Offbeat Movies

I love movies that are quirky and well made and well acted. Here you will find reviews of movies you may not have heard of (I will try to avoid commercial successes, but some of them are good) that caught my attention because they are thought-provoking, have interesting story lines, unique characters, and good acting.

Friday, March 24, 2017

I am the Pretty Thing that Lives in the House

I am the Pretty Thing that Lives in the House is a movie in which nothing happens.

Hospice nurse, Lily Saylor (Ruth Wilson), moves into a large, sunny house in Maine--”the house at the end of Teacup Road”--to care for an elderly writer who had lost her mind, but is really no trouble as a patient. Teacup Road? What could be scary about that?

What sets you up is the incongruity of the opening scene, and many scenes that follow. We begin with a monologue in which Lily solemnly talks about ghosts, and we see a pretty woman in Victorian dress walking slowly backwards across the screen in the dark. Wilson has great delivery for the line (about ghosts), “this is how they rot.”

When Lily arrives at the house at the end of Teacup Road, on a July day the house is clean and sunny and not the least bit frightening, but the man who brings her (lawyer?) doesn’t seem to want to go any farther into the house than the front door. The patient, someone who should clearly not be left alone, is alone in the house.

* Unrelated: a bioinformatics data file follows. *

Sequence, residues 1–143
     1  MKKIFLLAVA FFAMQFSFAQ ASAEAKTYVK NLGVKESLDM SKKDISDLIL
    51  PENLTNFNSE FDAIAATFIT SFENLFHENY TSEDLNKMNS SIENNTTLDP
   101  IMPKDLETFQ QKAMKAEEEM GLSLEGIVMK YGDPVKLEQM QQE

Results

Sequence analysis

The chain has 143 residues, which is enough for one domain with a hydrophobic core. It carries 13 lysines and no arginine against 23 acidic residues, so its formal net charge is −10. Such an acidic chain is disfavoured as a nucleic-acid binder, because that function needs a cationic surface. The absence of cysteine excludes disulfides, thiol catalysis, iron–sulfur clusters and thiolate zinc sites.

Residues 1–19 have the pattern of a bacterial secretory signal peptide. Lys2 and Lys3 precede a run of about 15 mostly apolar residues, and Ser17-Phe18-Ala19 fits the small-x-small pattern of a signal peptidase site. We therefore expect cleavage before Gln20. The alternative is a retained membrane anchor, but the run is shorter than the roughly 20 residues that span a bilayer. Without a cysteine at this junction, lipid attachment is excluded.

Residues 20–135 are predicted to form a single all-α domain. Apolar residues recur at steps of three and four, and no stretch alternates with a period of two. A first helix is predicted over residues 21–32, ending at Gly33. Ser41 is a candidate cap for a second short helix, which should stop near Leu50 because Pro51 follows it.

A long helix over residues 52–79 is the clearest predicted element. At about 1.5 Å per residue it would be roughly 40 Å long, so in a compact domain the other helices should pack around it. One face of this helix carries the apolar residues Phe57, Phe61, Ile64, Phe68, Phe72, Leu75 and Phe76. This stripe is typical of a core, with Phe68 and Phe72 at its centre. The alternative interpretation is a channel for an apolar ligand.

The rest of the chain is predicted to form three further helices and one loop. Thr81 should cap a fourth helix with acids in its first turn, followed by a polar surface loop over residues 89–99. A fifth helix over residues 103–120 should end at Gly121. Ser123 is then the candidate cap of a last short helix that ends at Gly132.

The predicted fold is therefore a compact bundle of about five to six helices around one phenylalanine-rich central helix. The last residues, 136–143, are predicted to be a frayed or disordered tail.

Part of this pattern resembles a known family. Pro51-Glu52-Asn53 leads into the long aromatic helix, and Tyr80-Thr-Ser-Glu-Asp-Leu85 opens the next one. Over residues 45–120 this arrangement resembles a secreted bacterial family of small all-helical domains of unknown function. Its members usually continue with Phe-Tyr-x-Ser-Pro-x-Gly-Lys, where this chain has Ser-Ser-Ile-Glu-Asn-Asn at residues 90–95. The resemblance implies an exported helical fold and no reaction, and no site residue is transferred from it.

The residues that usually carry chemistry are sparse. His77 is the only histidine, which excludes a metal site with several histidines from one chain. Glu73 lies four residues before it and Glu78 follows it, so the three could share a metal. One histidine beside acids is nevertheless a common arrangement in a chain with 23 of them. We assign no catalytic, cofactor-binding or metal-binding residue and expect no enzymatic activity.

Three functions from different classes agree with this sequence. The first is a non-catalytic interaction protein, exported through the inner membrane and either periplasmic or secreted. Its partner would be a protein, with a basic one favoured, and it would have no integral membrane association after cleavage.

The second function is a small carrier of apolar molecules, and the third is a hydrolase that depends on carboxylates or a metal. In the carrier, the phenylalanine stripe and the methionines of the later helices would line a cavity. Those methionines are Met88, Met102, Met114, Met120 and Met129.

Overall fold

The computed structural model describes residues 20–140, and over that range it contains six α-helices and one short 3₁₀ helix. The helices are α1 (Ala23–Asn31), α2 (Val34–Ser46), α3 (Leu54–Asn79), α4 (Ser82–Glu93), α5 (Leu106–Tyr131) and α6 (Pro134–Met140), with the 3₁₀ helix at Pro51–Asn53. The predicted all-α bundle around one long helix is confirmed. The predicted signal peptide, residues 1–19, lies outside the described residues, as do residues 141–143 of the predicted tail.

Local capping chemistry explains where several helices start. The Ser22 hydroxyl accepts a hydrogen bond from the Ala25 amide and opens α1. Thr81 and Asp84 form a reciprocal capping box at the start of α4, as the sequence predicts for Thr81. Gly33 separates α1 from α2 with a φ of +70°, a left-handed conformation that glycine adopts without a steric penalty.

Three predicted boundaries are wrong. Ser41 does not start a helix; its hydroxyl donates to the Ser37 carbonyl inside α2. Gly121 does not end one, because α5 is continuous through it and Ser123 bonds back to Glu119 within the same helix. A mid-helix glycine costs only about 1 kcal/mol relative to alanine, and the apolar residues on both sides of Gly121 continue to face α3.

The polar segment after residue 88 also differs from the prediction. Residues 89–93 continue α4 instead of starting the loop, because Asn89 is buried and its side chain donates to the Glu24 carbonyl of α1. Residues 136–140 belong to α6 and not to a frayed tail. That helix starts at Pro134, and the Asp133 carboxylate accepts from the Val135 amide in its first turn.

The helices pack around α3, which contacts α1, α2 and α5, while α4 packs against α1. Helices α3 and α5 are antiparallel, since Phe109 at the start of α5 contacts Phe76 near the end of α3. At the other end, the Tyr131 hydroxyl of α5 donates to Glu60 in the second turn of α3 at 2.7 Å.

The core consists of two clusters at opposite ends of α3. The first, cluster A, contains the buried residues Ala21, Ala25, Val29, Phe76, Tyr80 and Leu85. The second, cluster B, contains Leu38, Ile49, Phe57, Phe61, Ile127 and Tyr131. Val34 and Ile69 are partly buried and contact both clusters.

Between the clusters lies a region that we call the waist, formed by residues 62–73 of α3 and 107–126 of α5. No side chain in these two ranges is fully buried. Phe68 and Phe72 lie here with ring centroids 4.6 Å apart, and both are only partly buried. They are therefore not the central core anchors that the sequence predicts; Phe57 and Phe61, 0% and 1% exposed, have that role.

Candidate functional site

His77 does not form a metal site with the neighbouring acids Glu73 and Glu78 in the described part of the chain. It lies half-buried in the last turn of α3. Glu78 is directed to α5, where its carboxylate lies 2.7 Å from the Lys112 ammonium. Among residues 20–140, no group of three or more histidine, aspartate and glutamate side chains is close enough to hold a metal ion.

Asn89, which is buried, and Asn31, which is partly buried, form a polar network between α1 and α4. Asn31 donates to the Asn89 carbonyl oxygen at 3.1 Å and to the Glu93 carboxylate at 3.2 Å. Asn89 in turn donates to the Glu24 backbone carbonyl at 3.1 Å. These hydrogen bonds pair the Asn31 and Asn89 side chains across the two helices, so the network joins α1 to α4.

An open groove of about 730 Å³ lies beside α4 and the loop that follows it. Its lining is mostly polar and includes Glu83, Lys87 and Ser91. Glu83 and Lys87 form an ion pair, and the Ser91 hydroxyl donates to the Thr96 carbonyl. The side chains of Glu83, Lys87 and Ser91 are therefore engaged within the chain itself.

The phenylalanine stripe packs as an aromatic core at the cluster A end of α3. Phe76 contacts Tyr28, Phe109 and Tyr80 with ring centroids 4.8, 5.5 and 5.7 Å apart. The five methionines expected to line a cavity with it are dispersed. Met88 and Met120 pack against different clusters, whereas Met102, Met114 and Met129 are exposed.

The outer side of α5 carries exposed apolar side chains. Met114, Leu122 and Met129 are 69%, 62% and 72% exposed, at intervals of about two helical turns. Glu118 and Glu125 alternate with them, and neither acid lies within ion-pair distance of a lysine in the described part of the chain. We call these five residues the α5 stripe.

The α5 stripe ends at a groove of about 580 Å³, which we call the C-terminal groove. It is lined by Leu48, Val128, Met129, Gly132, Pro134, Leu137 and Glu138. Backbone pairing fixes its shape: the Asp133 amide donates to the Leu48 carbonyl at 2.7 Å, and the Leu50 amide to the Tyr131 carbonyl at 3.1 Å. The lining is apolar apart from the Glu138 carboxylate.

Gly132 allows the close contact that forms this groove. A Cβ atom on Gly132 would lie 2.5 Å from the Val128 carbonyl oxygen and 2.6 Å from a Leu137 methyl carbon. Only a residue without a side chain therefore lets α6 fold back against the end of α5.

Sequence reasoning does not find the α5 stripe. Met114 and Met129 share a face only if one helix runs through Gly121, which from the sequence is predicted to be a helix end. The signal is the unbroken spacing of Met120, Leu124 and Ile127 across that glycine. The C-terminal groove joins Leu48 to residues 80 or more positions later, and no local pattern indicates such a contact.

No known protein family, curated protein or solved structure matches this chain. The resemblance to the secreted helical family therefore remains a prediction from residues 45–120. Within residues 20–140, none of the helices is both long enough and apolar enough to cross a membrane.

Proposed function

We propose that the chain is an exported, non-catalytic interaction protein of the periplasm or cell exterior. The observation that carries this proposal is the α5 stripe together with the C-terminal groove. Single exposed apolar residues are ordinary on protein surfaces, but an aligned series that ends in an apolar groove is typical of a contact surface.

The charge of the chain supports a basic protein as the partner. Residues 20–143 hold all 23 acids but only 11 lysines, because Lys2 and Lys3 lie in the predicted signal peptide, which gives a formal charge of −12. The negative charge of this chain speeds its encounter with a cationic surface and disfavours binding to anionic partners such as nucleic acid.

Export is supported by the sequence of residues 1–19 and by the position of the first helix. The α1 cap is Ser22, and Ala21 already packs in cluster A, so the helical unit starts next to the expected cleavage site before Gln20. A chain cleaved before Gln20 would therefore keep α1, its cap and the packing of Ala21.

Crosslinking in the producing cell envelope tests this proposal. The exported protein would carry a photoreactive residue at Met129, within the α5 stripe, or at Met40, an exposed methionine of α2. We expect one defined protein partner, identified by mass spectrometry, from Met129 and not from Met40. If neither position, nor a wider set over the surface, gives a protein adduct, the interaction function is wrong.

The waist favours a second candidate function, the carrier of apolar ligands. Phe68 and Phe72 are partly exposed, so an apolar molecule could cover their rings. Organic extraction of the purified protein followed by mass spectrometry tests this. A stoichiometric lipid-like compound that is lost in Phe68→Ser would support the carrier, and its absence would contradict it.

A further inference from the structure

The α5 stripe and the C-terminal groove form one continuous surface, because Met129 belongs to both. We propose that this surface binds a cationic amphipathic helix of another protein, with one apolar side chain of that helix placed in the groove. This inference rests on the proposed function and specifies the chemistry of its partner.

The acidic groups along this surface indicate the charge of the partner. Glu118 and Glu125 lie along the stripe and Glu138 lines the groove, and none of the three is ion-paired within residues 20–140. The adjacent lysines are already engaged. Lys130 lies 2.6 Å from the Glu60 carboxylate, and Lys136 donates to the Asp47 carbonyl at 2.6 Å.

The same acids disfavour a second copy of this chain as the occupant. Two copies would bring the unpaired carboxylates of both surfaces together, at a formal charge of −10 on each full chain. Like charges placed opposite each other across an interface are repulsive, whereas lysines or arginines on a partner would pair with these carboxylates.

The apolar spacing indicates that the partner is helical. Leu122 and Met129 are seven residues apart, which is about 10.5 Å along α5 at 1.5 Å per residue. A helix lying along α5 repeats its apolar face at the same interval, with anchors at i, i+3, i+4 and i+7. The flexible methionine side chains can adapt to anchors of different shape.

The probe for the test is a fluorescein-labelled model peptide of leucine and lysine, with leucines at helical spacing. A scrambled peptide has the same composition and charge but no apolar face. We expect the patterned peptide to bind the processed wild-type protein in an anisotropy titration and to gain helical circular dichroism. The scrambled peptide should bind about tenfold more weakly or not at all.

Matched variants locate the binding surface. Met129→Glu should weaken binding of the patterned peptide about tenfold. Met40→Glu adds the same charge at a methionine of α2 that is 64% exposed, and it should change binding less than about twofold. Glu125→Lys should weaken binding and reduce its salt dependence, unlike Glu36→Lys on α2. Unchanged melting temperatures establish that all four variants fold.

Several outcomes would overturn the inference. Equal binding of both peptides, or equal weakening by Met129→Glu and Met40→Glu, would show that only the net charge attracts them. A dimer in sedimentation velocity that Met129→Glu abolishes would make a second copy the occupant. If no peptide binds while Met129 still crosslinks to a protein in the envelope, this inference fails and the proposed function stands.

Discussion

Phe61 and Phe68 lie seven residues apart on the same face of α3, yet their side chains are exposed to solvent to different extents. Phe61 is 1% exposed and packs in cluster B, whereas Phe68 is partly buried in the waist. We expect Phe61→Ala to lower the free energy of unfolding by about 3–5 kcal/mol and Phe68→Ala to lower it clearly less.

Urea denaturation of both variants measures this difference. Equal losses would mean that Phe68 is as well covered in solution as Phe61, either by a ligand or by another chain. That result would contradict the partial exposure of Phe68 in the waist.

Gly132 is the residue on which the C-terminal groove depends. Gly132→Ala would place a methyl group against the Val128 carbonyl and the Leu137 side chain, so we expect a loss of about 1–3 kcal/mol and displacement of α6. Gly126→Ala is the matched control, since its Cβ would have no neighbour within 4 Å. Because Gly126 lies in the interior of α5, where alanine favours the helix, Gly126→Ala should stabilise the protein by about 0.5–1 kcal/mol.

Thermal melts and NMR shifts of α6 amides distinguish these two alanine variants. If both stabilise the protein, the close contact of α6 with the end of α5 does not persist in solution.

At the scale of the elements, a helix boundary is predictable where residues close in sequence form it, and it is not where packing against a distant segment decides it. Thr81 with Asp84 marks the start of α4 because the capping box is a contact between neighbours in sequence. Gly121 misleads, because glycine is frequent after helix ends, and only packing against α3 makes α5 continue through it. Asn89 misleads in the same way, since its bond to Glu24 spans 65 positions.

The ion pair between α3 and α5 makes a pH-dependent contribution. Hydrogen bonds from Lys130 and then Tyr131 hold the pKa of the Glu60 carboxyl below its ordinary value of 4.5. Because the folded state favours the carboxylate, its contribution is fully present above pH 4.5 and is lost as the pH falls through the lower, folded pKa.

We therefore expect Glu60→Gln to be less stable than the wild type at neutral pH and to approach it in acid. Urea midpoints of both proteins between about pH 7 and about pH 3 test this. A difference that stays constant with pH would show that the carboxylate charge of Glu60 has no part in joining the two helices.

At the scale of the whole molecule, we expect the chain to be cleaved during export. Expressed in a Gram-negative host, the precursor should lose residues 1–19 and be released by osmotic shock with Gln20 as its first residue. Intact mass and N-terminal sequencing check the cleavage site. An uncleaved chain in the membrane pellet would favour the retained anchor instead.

Reality in this movie, is just off-kilter enough not to be trusted. Things molder and decay, including (briefly) the heroine’s arms. There's an inconsistency with the dates. She arrives in July at one point mentions 11 months passing, but the lawyer says he is happy all the vacation people are leaving (implying it’s late August). Time does not seem to pass in this story. The heroine makes a telephone call that is interrupted by the ghost yanking the cord out of her hand. More disturbing than that is that our heroine picks up the phone and seems to begin the conversation over again with a slight variation, as if she is play-acting the call. You wonder if there is really anyone on the other end of the line.

Lily’s nervousness will set you on edge too. She admits that she is timid, too scared to read the horror novels her author-patient once wrote. She moves through the house, arms and sweater wrapped around herself, as if she is expecting a bogey man to jump out at any minute.

This is an understated horror that doesn’t rely on gore or monsters to frighten, and as such the little things are magnified. The ghost, Polly, is very pretty, but her body is put together wrong. Mold on a wall is ominous, as is the repeated song on an audio cassette playing, at odd times, in the patient’s room. The little incongruities add up to a surreal experience.

If you have a hard time making sense of all of it, or reconstructing the timeline of exactly what happened, it is because Lily, our narrator, has the same problem. Go back to the beginning and listen to her opening monologue again, and you will understand why.


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